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This year's final episode presents an essay. No new episodes will be released until further announcement is made in 2014. In the interim we encourage you to enjoy the back episodes of the 2013 reboot of The Tomorrow People. (N.B. No sponsorship has been provided by The CW, we just like the show enough to recommend it)
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This work is licensed under the Creative Commons Attribution-ShareAlike 3.0 United States License. To view a copy of this license, visit http://creativecommons.org/licenses/by-sa/3.0/us/.9:15 minutes (12.74 MB)
How Americans Value Public Libraries in Their Communities
Americans strongly value the role of public libraries in their communities, both for providing access to materials and resources and for promoting literacy and improving the overall quality of life. Most Americans say they have only had positive experiences at public libraries, and value a range of library resources and services.
Leading academic journals are distorting the scientific process and represent a "tyranny" that must be broken, according to a Nobel prize winner who has declared a boycott on the publications.
Randy Schekman, a US biologist who won the Nobel prize in physiology or medicine this year and receives his prize in Stockholm on Tuesday, said his lab would no longer send research papers to the top-tier journals, Nature, Cell and Science.
Schekman said pressure to publish in "luxury" journals encouraged researchers to cut corners and pursue trendy fields of science instead of doing more important work. The problem was exacerbated, he said, by editors who were not active scientists but professionals who favoured studies that were likely to make a splash.
Who could refuse? Workman Publishing, via Early Word is offering a FREE COPY of a new book by Chip Kidd, GO, an introduction to graphic design for kids, but also a wonderful primer for adults. Be one of the first 50 librarians or instructors to respond!
Book Country is a website from Penguin Random House that enables thousands of amateur writers to exchange manuscripts and notes. Some even go on to get their work published. It's like an online MFA program from the comfort of your laptop. Bob speaks to Molly Barton the Global Digital Director for Penguin at Penguin Random House, and Carl E. Reed, an active Book Country user, about the site.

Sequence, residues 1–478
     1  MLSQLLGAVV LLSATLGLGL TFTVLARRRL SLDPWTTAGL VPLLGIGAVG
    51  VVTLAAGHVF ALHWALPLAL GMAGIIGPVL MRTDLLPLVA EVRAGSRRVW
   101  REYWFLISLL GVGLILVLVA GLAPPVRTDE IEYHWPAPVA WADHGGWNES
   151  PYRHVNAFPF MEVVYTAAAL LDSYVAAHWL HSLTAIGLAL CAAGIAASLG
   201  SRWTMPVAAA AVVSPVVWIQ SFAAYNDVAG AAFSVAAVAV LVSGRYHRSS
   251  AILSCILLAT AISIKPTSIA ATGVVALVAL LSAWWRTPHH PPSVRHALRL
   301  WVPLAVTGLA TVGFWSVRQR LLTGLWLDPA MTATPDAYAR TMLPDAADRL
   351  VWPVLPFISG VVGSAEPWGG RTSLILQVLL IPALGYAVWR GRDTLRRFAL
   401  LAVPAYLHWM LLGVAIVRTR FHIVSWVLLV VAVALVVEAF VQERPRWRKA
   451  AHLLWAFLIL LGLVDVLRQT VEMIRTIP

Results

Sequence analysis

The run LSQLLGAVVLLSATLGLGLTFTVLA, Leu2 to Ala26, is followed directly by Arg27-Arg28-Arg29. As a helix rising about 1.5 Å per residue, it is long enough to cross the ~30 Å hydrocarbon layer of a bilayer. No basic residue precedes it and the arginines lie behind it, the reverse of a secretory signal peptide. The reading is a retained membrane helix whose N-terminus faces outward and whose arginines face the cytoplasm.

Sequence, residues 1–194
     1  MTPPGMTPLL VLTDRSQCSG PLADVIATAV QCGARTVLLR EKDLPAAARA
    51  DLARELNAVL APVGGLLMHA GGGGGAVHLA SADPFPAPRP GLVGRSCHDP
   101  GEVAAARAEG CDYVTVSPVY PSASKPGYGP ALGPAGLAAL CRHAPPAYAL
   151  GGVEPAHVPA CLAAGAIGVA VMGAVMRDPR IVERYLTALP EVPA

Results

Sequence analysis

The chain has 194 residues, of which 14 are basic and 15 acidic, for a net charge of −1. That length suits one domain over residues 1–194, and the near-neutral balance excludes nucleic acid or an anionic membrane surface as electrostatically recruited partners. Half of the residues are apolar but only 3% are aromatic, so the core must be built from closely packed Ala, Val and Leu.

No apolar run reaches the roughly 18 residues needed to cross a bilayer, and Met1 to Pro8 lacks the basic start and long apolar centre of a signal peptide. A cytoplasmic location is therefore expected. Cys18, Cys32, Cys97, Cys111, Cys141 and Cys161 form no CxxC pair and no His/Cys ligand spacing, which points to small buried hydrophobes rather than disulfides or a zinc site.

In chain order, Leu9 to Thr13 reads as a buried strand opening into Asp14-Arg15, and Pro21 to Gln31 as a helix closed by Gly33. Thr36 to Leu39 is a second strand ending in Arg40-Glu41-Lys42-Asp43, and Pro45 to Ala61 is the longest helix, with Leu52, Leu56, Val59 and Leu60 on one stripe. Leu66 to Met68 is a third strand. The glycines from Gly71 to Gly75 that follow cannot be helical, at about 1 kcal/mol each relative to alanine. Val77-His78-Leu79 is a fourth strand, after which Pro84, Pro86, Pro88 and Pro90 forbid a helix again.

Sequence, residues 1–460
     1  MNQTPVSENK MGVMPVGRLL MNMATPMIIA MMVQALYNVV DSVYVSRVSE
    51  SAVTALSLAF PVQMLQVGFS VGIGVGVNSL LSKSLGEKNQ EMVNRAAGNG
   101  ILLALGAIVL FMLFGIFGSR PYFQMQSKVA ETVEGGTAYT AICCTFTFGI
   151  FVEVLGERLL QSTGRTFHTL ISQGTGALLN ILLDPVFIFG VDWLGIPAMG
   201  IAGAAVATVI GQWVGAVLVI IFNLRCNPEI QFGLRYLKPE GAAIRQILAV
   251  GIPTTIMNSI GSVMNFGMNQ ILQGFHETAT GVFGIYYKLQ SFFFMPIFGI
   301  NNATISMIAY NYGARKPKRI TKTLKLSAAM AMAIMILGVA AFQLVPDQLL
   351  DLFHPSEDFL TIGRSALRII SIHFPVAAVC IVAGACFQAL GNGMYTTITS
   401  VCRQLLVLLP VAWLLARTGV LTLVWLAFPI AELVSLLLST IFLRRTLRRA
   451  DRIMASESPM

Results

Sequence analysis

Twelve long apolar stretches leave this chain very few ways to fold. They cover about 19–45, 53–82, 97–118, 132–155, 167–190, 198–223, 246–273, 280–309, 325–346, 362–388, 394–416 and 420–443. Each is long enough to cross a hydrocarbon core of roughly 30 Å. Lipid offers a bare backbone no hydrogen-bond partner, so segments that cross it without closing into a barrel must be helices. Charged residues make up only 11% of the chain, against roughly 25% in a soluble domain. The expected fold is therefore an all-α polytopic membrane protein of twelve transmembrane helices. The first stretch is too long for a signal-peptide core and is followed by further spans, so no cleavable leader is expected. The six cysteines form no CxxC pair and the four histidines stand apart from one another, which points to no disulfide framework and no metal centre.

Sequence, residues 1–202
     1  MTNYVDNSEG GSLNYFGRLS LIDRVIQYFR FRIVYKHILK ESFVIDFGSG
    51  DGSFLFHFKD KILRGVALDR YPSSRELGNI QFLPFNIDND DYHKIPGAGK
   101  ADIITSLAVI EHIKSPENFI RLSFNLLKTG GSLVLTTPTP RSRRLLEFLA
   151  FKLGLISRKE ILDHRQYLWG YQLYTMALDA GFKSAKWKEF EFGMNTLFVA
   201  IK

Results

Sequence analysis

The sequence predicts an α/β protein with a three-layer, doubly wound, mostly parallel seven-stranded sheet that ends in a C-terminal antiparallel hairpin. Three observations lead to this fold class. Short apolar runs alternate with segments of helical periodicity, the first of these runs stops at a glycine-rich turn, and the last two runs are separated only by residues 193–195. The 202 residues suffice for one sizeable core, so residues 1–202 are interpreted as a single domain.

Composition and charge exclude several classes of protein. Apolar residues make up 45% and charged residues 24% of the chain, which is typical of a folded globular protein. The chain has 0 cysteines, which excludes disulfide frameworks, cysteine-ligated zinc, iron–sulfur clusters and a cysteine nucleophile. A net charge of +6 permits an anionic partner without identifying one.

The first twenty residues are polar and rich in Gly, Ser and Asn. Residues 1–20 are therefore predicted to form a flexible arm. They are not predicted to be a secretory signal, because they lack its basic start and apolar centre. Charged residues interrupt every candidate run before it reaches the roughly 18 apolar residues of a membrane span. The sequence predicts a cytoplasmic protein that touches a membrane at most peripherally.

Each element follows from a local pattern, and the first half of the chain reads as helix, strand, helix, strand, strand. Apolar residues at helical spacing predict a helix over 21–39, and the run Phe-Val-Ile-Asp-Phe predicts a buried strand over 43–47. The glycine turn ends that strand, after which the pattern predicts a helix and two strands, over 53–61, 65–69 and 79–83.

On the Media: http://www.onthemedia.org/2013/sep/06/book-country/
One of the things my father, Leonard Shatzkin, taught me when I was first learning about book publishing a half-century ago was that “all publishing houses are started with an editorial inspiration”. What he meant by that is that what motivated somebody to start a book publisher was an idea about what to publish. That might be somebody who just believed in their own taste; it might be something like Bennett Cerf’s idea of a “Modern Library” of compendia organized by author; it might even be Sir Allen Lane’s insight that the public wanted cheaper paperback books. But Dad’s point was that publishing entrepreneurs were motivated by the ideas for books, not by a better idea for production efficiency or marketing or sales innovation.
Phishing attacks targeting academia aren’t the most high-profile of attacks, though they’re more common than you might think. Student populations in themselves constitute a sizeable pool of potential victims for money mule recruitment and other job scams, in fact anything that promises an easy supplemental income, unfeasibly cheap or free trendy gadgetry, and so on. But I’m talking about attacks against the institutions, rather than their ‘customers’: for example, targeted social engineering attacks as a means of accessing intellectual property. Some academic research has appreciable monetary value in its own right, and much of it is developed in partnership with and funded by businesses with a direct interest in monetizing it: that makes it of interest to people with an interest in getting in first.